and Metabolic
reflect
and hyperglycemia.
theAdaptation
pathophysiology of diabete
s. Both choices
Reference: LeMone,in P.,
a distracter
& Burke, K. must(2008).
be correct.
<i>Medical-surgical nursing: Critical
thinking in client care</i> (4th ed.). Upper Saddle River, NJ: Pearson Educatio
n, p. 580.</F>
<Q>The
<TYPE>single</TYPE>
<P>
</P> client with diabetic ketoacidosis (DKA) is given intravenous (IV) normal
saline infusion and regular insulin. In addition to hourly blood glucose monitor
ing, the nurse would look to what assessment data as early signs of clinical imp
<MC1>Respiratory
rovement?</Q>
<MC2>Temperature
<MC3>Improved
<MC4>Client
<F>Rationale:
<CORRECT>3</CORRECT>
eats
level
LOC rate
aand
responds
full
ofpulse
ofconsciousness
meal
12quickly
intoand
normal
15respiratory
and
to(LOC)
range</MC2>
normaland
early changes
BPdecreasing
rate
inisstanding
innormal</MC4>
pH and
urine
position</MC1>
restoration
output</MC3>
of flu
id and electrolyte balance. In addition, urine output decreases as hyperglycemia
resolves (option 3). The respiratory buffer system takes a few hours to respond
to change in pH, and the respiratory rate is likely to come down just into norm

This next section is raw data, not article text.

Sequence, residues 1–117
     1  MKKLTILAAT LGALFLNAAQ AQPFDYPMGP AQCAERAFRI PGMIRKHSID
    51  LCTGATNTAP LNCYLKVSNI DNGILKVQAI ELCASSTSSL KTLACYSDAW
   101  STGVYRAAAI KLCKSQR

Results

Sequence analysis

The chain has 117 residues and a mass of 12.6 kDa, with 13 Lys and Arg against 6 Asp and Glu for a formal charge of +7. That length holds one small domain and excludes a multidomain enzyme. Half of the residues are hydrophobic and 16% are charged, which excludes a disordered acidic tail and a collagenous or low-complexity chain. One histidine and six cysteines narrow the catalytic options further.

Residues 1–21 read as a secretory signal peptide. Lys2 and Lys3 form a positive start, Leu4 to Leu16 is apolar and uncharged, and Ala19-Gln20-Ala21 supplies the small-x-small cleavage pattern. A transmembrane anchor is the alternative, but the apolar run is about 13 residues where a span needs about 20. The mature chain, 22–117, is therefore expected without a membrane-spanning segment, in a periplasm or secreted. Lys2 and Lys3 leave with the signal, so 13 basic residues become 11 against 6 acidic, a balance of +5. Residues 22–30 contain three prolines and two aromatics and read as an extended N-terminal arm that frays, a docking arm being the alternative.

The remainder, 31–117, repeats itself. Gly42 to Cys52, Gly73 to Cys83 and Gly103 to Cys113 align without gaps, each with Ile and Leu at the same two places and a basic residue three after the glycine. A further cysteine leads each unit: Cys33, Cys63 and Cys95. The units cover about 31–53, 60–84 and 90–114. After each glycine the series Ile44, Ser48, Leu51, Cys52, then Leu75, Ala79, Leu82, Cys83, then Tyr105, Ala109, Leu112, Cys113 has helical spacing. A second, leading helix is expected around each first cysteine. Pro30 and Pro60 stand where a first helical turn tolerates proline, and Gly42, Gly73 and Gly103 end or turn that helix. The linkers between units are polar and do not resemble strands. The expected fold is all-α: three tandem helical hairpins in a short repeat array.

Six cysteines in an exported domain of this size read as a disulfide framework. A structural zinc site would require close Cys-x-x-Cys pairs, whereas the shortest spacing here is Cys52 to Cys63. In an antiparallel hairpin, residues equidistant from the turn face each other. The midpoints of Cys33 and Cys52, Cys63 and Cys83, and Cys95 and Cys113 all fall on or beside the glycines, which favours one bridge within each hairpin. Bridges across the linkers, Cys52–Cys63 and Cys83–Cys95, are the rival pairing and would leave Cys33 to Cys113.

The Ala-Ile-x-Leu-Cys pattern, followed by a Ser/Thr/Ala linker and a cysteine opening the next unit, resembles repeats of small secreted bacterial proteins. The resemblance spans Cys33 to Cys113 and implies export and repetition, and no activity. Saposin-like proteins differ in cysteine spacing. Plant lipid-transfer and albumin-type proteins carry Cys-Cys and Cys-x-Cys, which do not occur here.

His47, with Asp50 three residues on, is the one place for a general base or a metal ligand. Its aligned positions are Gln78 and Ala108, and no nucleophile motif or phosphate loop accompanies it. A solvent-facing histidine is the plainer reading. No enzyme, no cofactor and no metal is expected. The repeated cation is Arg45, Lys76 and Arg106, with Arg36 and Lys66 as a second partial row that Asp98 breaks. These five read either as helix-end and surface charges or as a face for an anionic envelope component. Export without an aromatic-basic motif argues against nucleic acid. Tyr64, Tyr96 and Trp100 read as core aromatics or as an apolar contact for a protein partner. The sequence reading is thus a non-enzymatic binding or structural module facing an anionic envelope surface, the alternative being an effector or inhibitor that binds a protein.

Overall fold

al range rather than drop to the lower end of normal (option 1). Dehydration is
usually so severe that several hours of rehydration are needed to reduce pulse (
option 2) and resolve orthostatic BP (option 1). Option 4 is wrong because eatin
g a fullNeed:
Cognitive
Client
Integrated
Content
Strategy: Area:
meal
Level:
Recall
Process:
Physiological
is that
AdultnotHealth:
Analysis
Nursing
antheearly
LOC
Integrity:
Process:
Endocrine
signoneofof
is Evaluation
improvement.
Physiological
andtheMetabolic
last changes
Adaptation
in the development of D
KA and the first to return to normal. Select the distracter that is consistent w
ith this fact.
Reference: LeMone, P., & Burke, K. (2008). <i>Medical-surgical nursing: Critical
thinking in client care</i> (4th ed.). Upper Saddle River, NJ: Pearson Educatio
n, pp. nurse
<Q>The
<TYPE>single</TYPE>
<P>
</P> 582-584.</F>
is preparing to discharge a client newly diagnosed with diabetes me
llitus. The client states, "I should eat a candy bar or cup of ice cream every t
ime I feel shaky, hungry, or nauseated." What would be the best response by the
<MC1>"Yes, a candy bar or cup of ice cream is needed to treat the hypoglycemia."
nurse?</Q>